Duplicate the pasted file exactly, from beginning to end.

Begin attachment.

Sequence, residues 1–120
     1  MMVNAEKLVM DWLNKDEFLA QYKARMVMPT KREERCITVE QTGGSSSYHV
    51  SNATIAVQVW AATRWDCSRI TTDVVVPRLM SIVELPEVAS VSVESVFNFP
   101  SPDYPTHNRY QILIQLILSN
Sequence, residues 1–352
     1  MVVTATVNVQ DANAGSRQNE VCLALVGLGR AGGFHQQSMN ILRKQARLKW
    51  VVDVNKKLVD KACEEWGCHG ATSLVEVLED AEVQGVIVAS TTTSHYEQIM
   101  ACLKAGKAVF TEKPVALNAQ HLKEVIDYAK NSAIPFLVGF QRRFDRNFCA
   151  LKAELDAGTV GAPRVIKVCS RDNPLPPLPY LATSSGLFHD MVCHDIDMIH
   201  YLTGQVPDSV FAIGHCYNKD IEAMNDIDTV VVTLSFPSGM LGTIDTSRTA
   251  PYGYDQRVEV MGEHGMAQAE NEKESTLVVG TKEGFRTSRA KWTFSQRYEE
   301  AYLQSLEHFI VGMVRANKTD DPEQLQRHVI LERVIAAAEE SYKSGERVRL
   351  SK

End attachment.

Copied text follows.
Sequence, residues 1–120
     1  MMVNAEKLVM DWLNKDEFLA QYKARMVMPT KREERCITVE QTGGSSSYHV
    51  SNATIAVQVW AATRWDCSRI TTDVVVPRLM SIVELPEVAS VSVESVFNFP
   101  SPDYPTHNRY QILIQLILSN
Sequence, residues 1–352
     1  MVVTATVNVQ DANAGSRQNE VCLALVGLGR AGGFHQQSMN ILRKQARLKW
    51  VVDVNKKLVD KACEEWGCHG ATSLVEVLED AEVQGVIVAS TTTSHYEQIM
   101  ACLKAGKAVF TEKPVALNAQ HLKEVIDYAK NSAIPFLVGF QRRFDRNFCA
   151  LKAELDAGTV GAPRVIKVCS RDNPLPPLPY LATSSGLFHD MVCHDIDMIH
   201  YLTGQVPDSV FAIGHCYNKD IEAMNDIDTV VVTLSFPSGM LGTIDTSRTA
   251  PYGYDQRVEV MGEHGMAQAE NEKESTLVVG TKEGFRTSRA KWTFSQRYEE
   301  AYLQSLEHFI VGMVRANKTD DPEQLQRHVI LERVIAAAEE SYKSGERVRL
   351  SK